Drastically reducing screen time at home nets some astonishing results. You may end up with a homemade cardboard pinball machine that covers your entire dining room table...(yep..saw it happen) or any number of things. What you won't get is boredom or cookie cutter learning games. Try it and watch what happens.
Real world play = Real world learning
So picture this: on day four of a seven day mission retreat with twelve middle school kids, I was exhausted, the kids were not. We had been sleeping (or not) in a large downtown church with no showers and no electronic entertainment of any kind.
In the late afternoon before dinner was served that day, the kids found a big playground on the church property. They were, I thought, a little old for it and therefore would be bored very quickly. I took my book and sat on the park bench nearby to supervise. I had no doubt that they'd be done in four minutes. I couldn't have been more wrong.
At first they used the equipment as it was designed to be used. But very soon I caught snippets of conversation that made me sit up and listen. The big piece of playground equipment had become a pirate ship, the mulch was the ocean, and the smaller play equipment were an assortment of islands and sea monsters. There was a captain, a first mate and other roles that I never quite followed but were fully understood by the players.
By the time an hour had gone by, at least six other kids from the camp had joined in the game which had become quite the ocean going adventure. I had to insist that they dock the ship and come in to eat. Middle school kids fully engaged in imaginary play was something I thought I would not see in the 21st century. Here is was on full display.
After just a few days of having zero access to screens of any kind these kids were having a blast working and playing independently, creatively, and cooperatively. It was fascinating. Not to mention that it was the best improvisational theater I had seen since college. The characters were fully developed, the story well defined...
I saw a similar response in my own children when I experimented with removing the television for six months. This was in the years just prior the internet, so TV was all I had to deal with. They didn't miss a beat or complain once. They played. They actually played with toys, with games, and with their imaginations. They simply did not need to be entertained by outside sources. Their entertainment came from within.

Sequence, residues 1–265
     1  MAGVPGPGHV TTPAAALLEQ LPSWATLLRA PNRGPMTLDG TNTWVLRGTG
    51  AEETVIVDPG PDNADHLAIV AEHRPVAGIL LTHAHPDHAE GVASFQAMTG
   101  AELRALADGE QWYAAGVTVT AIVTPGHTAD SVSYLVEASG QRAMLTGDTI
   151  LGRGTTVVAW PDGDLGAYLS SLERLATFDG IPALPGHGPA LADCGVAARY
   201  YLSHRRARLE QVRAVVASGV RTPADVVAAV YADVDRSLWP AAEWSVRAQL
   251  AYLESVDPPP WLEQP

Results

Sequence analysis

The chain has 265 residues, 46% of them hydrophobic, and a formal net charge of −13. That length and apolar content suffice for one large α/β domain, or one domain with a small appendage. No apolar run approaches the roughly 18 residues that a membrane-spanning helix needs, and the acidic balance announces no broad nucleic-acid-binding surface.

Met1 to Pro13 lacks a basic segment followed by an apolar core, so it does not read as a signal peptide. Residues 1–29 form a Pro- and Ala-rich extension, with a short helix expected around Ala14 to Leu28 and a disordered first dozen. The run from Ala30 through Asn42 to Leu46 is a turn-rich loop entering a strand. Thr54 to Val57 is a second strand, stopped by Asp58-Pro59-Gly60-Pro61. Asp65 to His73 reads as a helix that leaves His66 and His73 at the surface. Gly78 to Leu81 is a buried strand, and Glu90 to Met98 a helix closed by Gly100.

If you read my blog last week
about what kind of toys encourage high quality play, then you are all set to get your kids' screen time down to a bare minimum. If they are in school and have to do school work on a screen that is all the more reason to have their recreation time free from screens.
Even though screens are more pervasive than they were even ten years ago, I believe that imaginative play is still something that kids will engage in when they are not being lured by the ubiquitous devices. Devices are everywhere and are seemingly unavoidable. A two year old can manipulate mom's phone to play a game easily, and kids get more savvy with age.
I am not saying that devices are evil and must be destroyed because that is neither true nor realistic. I am simply making the case that when their main source of entertainment is passive, meaning that they sit and watch, children are missing some developmental advantages. Specifically those that come from being free to engage with open ended toys for an uninterrupted block of time on a daily basis. This should be the majority of their play.
This kind of social, imaginative play helps children practice real life social skills such as conversation, cooperation, collaboration and more. No matter how well produced the animated children's programs are (and I've watched them all!) they are still a passive activity. The story line can be full of morally uplifting values and puppies being kind to their friends, but unless your children actively practice these skills themselves they will miss out. I mean, I watched "The Flying Nun" faithfully when I was a child but that doesn't mean that I could fly or that I learned how to be a nun.
See what I'm saying? Watching something is not the same as living something. Imaginative play helps children practice living the skills they will need to thrive as each year passes. So equip your child with a few toys that can be played with in many ways, get rid of any toy that just sits there and yaps when you push a button, and then get on the floor and play with them alongside your children.
Engage in play that they lead. Let them be in charge of the game. Ask questions about the game as it continues. Ask things like, "What if I build a barn over here?" or "Can this road curve around this way?" After a while they will be so absorbed that you won't have to play along and they will initiate this kind of entertainment themselves. They will get better and more comfortable with playing this way the more they do it.
Give your children the best gift ever: the ability to use their imaginations and just play. And for your own benefit, sit nearby and listen as they do it. It may just be the best entertainment you have all week!